Cancer Management & Prevention

Session Introduction

Yekaterina Koshkareva
MD Anderson at Cooper University, Department of Otolaryngology–Head and Neck Surgery, USA
Title: Stereotactic Body Radiotherapy Treatment for Recurrent, Previously Irradiated Head and Neck Cancer

Biography: Yekaterina Koshkareva, MS, FACS is a head and neck cancer specialist practicing at Cooper University Hospital, Department of Surgery, Division of Otolaryngology at Camden, NJ, United States. Dr. Koshkareva has received her doctorate degree at Temple University, Philadelphia PA, where she stayed to complete her residency training in Otolaryngology, Head and Neck Surgery. She received her fellowship training in advanced head and neck surgical oncology at the University of Pittsburgh Medical Center, Pittsburgh, PA. Dr. Koshkareva has been a part of MD Anderson at Cooper University hospital since 2013 taking care of patients with a variety of head and neck oncologic processes.

Abstract: Locally recurrent, previously irradiated primary head and neck tumors have historically been associated with poor outcomes. Stereotactic body radiation therapy (SBRT) has emerged as a feasible and promising treatment option for tumor recurrence, particularly in non-surgical candidates. We performed a prospective analysis of 25 patients treated with CyberKnife for unresectable, recurrent head and neck cancer in a previously irradiated field. Median overall survival of the study population was 7.5 months; 8.3 months for non-metastatic patients. Low severe treatment-related acute (4%) and late (6%) toxicity rates were observed. No grade 4/5 toxicities were observed. Stereotactic body radiotherapy is a viable treatment option for patients with unresectable, recurrent head and neck cancer. Positive tumor control rates are achievable with minimal severe-toxicity. Although perhaps associated with patient selection, SBRT outcomes appear inferior to other treatment modalities.

Monica Denti
Institute of Hospitalization and Scientific Care (IRCCS), Italy
Title: Prospective observational and controlled study on rehabilitation intervention for cancer patients in department with dedicated team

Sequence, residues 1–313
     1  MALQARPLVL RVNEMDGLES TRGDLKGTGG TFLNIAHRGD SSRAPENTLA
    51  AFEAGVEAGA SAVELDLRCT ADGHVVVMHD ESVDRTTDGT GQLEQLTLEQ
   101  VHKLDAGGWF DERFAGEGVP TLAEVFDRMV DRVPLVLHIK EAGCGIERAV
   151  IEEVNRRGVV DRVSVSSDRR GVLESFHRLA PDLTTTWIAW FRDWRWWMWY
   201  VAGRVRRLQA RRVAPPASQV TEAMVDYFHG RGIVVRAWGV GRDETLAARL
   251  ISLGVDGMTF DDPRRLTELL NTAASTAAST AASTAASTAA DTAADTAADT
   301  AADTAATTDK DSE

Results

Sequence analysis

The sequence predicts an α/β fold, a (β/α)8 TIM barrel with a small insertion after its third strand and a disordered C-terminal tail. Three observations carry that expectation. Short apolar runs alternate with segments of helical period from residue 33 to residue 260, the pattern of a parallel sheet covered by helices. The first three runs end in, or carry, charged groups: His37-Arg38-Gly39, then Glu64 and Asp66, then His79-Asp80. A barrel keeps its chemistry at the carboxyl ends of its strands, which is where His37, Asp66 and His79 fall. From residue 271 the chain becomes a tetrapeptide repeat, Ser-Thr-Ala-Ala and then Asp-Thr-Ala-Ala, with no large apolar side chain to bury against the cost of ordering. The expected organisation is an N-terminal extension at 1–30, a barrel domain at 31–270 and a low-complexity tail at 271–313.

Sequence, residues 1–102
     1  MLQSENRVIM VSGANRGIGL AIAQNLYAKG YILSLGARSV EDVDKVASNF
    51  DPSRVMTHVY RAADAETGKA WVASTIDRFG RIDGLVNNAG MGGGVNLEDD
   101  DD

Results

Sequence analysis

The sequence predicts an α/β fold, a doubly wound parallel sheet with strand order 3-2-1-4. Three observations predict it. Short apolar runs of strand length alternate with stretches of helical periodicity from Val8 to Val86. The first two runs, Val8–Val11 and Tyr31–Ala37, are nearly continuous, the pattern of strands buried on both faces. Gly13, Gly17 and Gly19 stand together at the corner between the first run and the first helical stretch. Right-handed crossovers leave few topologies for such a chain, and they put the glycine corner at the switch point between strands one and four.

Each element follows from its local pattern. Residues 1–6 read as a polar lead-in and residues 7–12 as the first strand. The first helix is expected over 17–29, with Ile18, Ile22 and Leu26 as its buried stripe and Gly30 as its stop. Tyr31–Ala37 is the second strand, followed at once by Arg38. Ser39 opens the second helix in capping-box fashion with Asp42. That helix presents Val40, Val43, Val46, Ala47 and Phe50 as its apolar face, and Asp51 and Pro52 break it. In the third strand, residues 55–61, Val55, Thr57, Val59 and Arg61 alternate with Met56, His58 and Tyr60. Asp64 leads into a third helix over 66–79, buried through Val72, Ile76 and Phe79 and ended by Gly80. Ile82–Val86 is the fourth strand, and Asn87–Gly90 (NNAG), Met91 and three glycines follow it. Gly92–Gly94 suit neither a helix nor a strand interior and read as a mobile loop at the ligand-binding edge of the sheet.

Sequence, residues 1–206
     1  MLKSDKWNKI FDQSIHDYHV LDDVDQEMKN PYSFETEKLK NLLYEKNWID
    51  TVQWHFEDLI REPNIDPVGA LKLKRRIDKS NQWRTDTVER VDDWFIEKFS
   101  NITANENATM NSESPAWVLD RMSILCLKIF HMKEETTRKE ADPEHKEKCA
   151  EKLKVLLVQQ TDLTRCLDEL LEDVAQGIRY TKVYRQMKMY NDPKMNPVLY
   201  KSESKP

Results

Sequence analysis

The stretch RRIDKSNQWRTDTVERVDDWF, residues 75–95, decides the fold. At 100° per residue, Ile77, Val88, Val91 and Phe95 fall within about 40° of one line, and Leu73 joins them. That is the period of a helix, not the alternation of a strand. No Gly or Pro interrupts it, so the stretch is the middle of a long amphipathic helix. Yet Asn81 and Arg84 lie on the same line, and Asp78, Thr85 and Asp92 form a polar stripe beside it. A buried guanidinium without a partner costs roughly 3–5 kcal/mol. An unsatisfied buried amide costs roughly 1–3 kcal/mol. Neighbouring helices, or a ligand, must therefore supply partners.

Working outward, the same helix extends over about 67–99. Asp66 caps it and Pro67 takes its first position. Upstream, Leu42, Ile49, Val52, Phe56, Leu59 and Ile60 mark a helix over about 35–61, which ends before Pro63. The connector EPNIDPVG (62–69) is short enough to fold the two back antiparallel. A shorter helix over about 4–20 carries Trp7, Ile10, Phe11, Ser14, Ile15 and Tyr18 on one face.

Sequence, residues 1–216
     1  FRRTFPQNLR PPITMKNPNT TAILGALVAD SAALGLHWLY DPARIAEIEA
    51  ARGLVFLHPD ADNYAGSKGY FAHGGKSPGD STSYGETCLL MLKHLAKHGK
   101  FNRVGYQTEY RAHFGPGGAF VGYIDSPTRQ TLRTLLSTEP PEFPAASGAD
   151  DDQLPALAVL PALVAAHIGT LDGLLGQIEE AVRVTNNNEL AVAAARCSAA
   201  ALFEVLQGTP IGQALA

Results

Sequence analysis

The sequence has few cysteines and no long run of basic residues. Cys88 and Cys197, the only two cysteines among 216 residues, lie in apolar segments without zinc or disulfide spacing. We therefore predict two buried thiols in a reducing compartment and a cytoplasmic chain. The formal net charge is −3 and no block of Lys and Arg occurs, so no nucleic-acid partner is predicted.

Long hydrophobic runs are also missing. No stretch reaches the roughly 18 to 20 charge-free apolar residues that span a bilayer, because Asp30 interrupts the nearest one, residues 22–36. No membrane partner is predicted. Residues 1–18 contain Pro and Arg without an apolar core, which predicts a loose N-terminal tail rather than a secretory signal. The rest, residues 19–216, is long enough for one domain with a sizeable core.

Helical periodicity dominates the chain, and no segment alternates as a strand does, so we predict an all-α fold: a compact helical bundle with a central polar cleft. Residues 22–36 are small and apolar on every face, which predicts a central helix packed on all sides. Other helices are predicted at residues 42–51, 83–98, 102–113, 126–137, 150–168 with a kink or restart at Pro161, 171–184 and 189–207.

Biography: Monica Denti is a young physiotherapist working in Arcispedale Santa Maria Nuova, IRCCS of Reggio Emilia, Italy, as a researcher. She has approached the cancer rehabilitation since she was a student with her thesis and this interest is continuing now: she works in cancer care hospital and she is also a professor in Modena and Reggio Emilia University, teaching cancer rehabilitation in the Physiotherapy Degree Course. She recently won a grant to carry out a project to improve rehabilitation for haematologic cancer survivors.

Abstract: People with cancer have to live for a long time with symptoms related to the disease and side effects due to the treatments. Cancer rehabilitation is an important part of the multidimensional patient care: its global and early approach can help patients improve their quality of life (QoL), reducing disabilities caused by cancer or oncological treatments. The purpose of this study is to evaluate the effects of inpatient rehabilitation on QoL, function and rehabilitative needs in patients with cancer. Furthermore, it aims to investigate patients’ and care-givers’ perception about the quality of physical therapy intervention in hospital wards and to obtain information about symptoms, clinical characteristics and features related to bed rest and complications during hospital stay. The intervention group (IG) was composed by patients admitted in an oncologic ward with specifically trained health professionals: physiatrists and physiotherapists were trained to face the principal issues due to cancer care, and worked as a part of the multi-professional team of the oncologic ward. The control group (CG) included patients admitted in general wards, treated by non-dedicated rehabilitative team. Data were collected from wards’ registers, clinical records and evaluation scales. Specific questionnaires focused on clinical characteristics of patients admitted to hospital and their main concerns about rehabilitation needs. Both in IG and CG the rehabilitation program was offered as soon as patients clinical conditions were appropriate. IG patients showed better results in QoL, pain relief, adherence to rehabilitative program, and perception of physical therapy intervention as linked to the main needs of patients and their caregivers. In both group, an increase of the independence in ADL and a reduction of anxiety and depression were registered. Results suggest that inpatient rehabilitation for cancer survivors with a dedicated team can be more effective than rehabilitative intervention in general wards.